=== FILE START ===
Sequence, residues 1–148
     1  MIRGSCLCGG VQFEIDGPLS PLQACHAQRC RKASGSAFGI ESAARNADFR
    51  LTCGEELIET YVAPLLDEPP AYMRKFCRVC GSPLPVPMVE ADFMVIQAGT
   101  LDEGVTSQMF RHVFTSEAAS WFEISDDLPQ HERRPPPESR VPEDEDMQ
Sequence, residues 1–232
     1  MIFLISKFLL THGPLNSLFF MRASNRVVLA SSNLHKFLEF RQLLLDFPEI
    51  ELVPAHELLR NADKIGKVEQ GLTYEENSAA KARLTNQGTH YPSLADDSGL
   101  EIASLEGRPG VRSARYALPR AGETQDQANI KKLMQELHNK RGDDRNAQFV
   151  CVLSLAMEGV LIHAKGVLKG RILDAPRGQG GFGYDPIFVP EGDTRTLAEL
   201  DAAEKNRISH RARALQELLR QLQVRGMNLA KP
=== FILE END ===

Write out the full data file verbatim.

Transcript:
Sequence, residues 1–148
     1  MIRGSCLCGG VQFEIDGPLS PLQACHAQRC RKASGSAFGI ESAARNADFR
    51  LTCGEELIET YVAPLLDEPP AYMRKFCRVC GSPLPVPMVE ADFMVIQAGT
   101  LDEGVTSQMF RHVFTSEAAS WFEISDDLPQ HERRPPPESR VPEDEDMQ
Sequence, residues 1–232
     1  MIFLISKFLL THGPLNSLFF MRASNRVVLA SSNLHKFLEF RQLLLDFPEI
    51  ELVPAHELLR NADKIGKVEQ GLTYEENSAA KARLTNQGTH YPSLADDSGL
   101  EIASLEGRPG VRSARYALPR AGETQDQANI KKLMQELHNK RGDDRNAQFV
   151  CVLSLAMEGV LIHAKGVLKG RILDAPRGQG GFGYDPIFVP EGDTRTLAEL
   201  DAAEKNRISH RARALQELLR QLQVRGMNLA KP